All nine operating rooms at Red Deer Regional Hospital Centre were temporarily closed Tuesday afternoon after water leaked down from a second-floor construction site.
Four of the operating rooms were flooded and remain closed on Wednesday for assessment, cleanup and possible renovation.
Alberta Health Services said surgery on one patient was wrapping up at the time and was completed as planned.
Power was shut down as a precaution to all the operating rooms, located on the main floor beneath the site, where two operating rooms for scheduled caesarean sections and emergency obstetrical procedures are under construction.
A few nearby rooms on the second floor also had some flooding.
“There’s still some cleanup and reclamation work that needs to be done. It’s hard to speculate, but we’re hoping at least two of those ORs will be functioning for next week,” said Kerry Bales, chief zone officer for Alberta Health Services Central Zone, on Wednesday.
Flooding occurred at about noon on Tuesday causing 11 surgical procedures to be cancelled and deferred. Another 28 did not go ahead on Wednesday.
An average of 48 surgeries per day are performed at the hospital.
“Obviously our first priority is on any surgeries that would be considered urgent — so emergencies, obstetrical cases, and urgent orthopedics. Procedures that are being deferred would be procedures that are not necessarily life threatening, although we completely recognize that for the patients that being deferred it is extremely inconvenient to them unfortunately. We’re trying to make sure we maintain the volumes to the best of our ability.”
He said the hospital is looking at more weekend and evening surgeries and is working to be at full surgical capacity as soon as possible.
“We are operating with a few less operating rooms, but the site is able to maintain the services that it provides. It continues to be a referral centre for the rest of the zone,” Bales said.
Red Deer surgeon Dr. Paul Hardy said that he was told 60 litres a minute of water gushed out for 20 minutes during the mishap. He worried that the hospital would be down two operating rooms for at least six weeks and it will be a struggle for patients and staff.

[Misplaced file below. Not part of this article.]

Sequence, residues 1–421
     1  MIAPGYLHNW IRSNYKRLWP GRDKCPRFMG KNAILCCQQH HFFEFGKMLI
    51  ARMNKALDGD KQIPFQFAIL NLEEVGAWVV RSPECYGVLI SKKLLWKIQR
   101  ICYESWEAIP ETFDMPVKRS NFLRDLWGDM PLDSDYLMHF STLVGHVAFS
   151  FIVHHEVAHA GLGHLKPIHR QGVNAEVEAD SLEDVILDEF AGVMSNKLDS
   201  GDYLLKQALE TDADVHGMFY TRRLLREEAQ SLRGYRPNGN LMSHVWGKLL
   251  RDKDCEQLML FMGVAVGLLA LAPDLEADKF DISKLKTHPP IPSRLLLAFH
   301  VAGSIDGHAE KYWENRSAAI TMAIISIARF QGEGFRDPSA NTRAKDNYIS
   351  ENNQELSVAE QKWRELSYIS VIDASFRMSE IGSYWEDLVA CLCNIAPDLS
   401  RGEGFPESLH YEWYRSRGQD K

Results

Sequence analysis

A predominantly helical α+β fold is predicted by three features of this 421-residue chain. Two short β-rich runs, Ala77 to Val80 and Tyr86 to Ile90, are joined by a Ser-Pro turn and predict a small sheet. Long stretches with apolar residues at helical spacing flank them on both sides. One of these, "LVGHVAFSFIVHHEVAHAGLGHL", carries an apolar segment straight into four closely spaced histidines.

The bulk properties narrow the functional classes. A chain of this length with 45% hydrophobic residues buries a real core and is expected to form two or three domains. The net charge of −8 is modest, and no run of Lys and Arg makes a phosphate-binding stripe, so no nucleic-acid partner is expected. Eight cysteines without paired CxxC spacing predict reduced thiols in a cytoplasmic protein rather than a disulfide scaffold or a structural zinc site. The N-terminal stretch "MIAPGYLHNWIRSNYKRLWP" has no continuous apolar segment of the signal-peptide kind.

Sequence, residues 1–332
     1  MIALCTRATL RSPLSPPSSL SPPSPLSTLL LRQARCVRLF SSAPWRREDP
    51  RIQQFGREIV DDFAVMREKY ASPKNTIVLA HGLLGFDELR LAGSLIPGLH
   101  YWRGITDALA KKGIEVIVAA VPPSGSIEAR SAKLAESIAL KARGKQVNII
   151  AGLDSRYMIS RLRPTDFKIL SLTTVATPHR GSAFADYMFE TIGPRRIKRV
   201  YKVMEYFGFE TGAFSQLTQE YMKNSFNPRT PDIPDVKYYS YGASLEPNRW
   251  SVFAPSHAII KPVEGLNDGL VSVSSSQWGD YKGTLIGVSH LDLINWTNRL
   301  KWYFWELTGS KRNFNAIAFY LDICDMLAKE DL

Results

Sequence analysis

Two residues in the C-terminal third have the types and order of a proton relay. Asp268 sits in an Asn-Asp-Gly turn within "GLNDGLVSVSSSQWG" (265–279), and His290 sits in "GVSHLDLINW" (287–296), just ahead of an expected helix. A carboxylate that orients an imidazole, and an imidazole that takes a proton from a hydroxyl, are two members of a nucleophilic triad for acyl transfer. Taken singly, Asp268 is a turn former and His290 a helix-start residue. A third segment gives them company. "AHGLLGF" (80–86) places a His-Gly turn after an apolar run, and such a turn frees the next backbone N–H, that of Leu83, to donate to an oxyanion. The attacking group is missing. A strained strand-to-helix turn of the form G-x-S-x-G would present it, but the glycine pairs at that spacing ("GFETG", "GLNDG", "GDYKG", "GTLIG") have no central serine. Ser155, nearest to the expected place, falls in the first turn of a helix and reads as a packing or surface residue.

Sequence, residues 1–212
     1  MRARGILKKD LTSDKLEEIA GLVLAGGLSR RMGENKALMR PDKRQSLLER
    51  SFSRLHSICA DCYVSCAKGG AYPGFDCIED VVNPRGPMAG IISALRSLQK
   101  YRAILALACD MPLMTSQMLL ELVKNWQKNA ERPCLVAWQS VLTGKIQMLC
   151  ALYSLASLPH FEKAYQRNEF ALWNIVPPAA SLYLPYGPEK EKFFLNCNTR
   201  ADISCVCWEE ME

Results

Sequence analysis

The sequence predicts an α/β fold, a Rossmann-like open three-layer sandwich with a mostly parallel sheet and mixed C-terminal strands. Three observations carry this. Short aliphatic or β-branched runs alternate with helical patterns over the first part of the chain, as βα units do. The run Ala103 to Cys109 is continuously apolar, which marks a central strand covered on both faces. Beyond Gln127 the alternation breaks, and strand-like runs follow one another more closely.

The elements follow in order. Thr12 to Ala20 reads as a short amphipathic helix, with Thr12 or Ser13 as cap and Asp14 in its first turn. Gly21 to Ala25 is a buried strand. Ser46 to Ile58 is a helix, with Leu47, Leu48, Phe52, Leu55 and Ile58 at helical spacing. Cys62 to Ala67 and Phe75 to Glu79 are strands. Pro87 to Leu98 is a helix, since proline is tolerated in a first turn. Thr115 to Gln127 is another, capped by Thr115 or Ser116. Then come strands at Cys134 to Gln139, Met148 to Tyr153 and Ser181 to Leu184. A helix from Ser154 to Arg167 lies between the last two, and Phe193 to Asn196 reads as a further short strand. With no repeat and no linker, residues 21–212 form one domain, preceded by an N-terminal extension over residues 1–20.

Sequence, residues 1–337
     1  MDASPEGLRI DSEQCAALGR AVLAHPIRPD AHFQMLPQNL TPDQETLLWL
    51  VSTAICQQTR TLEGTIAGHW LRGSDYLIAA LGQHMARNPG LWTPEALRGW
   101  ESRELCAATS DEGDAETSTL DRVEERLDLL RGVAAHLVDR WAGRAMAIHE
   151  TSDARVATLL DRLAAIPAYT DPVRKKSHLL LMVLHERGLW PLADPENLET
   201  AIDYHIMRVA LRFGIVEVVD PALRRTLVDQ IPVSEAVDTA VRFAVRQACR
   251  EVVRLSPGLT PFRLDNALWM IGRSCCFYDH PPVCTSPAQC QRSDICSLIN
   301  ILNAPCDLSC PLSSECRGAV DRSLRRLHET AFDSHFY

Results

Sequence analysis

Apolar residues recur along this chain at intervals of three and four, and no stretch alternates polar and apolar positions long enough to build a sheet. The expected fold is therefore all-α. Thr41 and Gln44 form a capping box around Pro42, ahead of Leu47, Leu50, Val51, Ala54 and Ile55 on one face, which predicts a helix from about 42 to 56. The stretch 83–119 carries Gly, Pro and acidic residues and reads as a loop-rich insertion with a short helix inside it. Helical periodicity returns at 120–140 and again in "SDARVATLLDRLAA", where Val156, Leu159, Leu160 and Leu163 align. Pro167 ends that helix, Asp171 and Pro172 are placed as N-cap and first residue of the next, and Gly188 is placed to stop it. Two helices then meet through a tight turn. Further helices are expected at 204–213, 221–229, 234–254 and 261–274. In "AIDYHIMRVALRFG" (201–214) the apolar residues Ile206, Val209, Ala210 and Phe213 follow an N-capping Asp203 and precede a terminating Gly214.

One of the five remaining operating rooms is only for urology patients.
He said cancer surgery must also go ahead despite the flooding, and OR closures have exposed how severely challenged surgery capacity is at the Red Deer hospital.
“We do 12,000 surgeries a year in Red Deer and we moved probably about 3,000 surgeries to Innisfail and Olds in the last five years and our 12,000 number has remained constant. In other words we thought we were doing a good thing having surgeons travelling away to do these 3,000 surgeries outside of Red Deer and it hasn’t given us any breathing space,” Hardy said.
Cataract surgery, which does not require a stay in hospital, was moved to Innisfail from Red Deer, and day surgery for small procedures are done in Olds.
He said only so much surgery can be done outside Red Deer. For example, surgeons can’t do a bowel resection in a community hospital and leave the patient there.
“We’re kind of hitting a concrete ceiling in terms of other options. All the slack is gone from the system.”
He said more evening and weekend surgery comes with staff burnout and a higher chance of mistakes happening.
Hardy said about four years ago the hospital was at the top of the list for major infrastructure projects when it was bumped. A 2007 plan to expand the Red Deer hospital by adding north and south towers to the site by 2035 includes doubling the number of operating rooms and there’s been no movement on the plan.
He said the two obstetric ORs will help, but more needs to be done soon for Alberta’s fourth largest hospital behind the University of Alberta Hospital and Royal Alexandra Hospital in Edmonton, and Foothills Hospital in Calgary.
After he was asked for a surgery update from the Health Minister last October, Hardy hoped some money would come to Red Deer but it was left off the list when funding was announced that month.
Hardy said Red Deer hospital serves Central Alberta and if there is no movement on plans in the next five years it will pose a risk.
“We’re efficient as can be and funded far below the big city hospitals.”